This week, Matt and Chris are talking about some of the big comic releases of the week. They loved Moon Knight #1 by Warren Ellis, Declan Shalvey and Jordie Bellaire and She-Hulk #2 by Charles Soule, Javier Pulido and Muntsa Vicente. Forever Evil #6 by Geoff Johns, David Finch and Richard Friend, not so much.
The comic book, animation, illustration, pinup, mashup, fan art and design communities are generating amazing artwork of myriad styles and tastes, all of which ends up on the Internet and filtered into ComicsAlliance’s Best Art Ever (This Week). These images convey senses of mood and character — not to mention artistic skill — but comic books are specifically a medium of sequential narratives, and great sequential art has to be both beautiful (totally subjective!) and clear in its storytelling (not so subjective!). The words and the pictures need to work together to tell the story and create whatever tone, emotion and indeed world the story requires. The contributions of every person on a creative team, from the writer to the artist(s) to the letterers, are necessary to achieving a great page of sequential storytelling.
It is the special nature of comic books that we’re celebrating in this recurring feature: Best Sequential Art Ever (This Week).
Moon Knight is an oddball in a comics universe peppered with oddballs. A former mercenary brought back from the dead by an Egyptian god to serve as his "fist" of retribution, MK's origin offers a peculiar mix of brutality, insanity, and fantasy.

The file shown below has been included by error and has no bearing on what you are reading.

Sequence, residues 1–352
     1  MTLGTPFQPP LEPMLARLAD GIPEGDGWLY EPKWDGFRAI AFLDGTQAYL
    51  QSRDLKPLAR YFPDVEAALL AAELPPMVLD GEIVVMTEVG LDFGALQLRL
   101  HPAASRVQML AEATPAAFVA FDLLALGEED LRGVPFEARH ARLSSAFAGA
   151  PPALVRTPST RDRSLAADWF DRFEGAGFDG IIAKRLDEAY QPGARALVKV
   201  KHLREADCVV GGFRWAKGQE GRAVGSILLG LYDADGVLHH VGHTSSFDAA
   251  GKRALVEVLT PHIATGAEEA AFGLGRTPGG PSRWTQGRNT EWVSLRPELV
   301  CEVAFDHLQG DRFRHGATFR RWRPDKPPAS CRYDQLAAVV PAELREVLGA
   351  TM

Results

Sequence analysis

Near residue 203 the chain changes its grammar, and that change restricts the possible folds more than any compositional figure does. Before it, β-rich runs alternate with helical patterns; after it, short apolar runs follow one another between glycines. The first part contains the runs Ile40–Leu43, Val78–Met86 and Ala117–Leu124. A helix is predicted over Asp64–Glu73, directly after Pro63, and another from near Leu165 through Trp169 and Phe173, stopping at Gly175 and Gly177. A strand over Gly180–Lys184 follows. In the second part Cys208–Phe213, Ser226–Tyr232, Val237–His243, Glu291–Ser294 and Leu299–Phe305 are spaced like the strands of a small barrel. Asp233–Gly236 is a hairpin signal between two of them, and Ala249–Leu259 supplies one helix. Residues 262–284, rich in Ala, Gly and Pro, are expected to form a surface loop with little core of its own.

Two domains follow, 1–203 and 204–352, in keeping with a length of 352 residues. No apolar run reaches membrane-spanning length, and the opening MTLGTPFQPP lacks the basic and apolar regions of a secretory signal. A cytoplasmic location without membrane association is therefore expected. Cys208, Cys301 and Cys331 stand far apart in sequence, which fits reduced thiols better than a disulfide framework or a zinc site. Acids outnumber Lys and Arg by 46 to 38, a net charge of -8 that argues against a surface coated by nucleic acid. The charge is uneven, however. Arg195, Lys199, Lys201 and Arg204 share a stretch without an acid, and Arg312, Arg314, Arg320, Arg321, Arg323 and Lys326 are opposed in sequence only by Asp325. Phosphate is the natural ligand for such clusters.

Those elements have been fundamental to Moon Knight since he first appeared in Werewolf by Night in 1975, created by Doug Moench and Don Perlin. Yet in the hands of successive creative teams these elements have come together in ways that muddy the character, leaving both him and the readers confused about who he is. Now it falls to the new creative team of Warren Ellis and Declan Shalvey to make it all make sense in Moon Knight #1, on sale this week from Marvel.
Created by Doug Moench and Don Perlin, Moon Knight is essentially Marvel's answer to the question "What if Batman were somehow even more psychologically damaged?" That's not a bad premise, frankly, and the character has had some highly regarded writers and artists telling his stories over the years: Moench, Perlin, Bill Sienkiewicz, Chuck Dixon, J.M. DeMatteis, Kevin Nowlan, Brian Michael Bendis, and Mark Farmer, just to name a few.
Yet despite a history of talented creators, Moon Knight has never quite stuck; of the five attempts at a Moon Knight solo series, none have surpassed 60 issues, and the two most recent, launched in 2006 and 2011, only reached 30 and 12 issues, respectively.
Although cosplay has been present for decades within the comics, anime, and sci-fi/fantasy fandoms, social media has played an integral role in the thriving communities of costuming that exist, such as Cosplay.com and the Superhero Costuming Forum. Over the years, the cosplay community has evolved into a creative outlet for many fans to establish and showcase some impressive feats of homemade disguise, craftsmanship, and sartorial superheroics at conventions. In honor of the caped crusaders of the convention scene, ComicsAlliance has created Best Cosplay Ever (This Week), an ongoing collection of some of the most impeccable, creative, and clever costumes that we've discovered and assembled into a super-showcase of pure fan-devoted talent.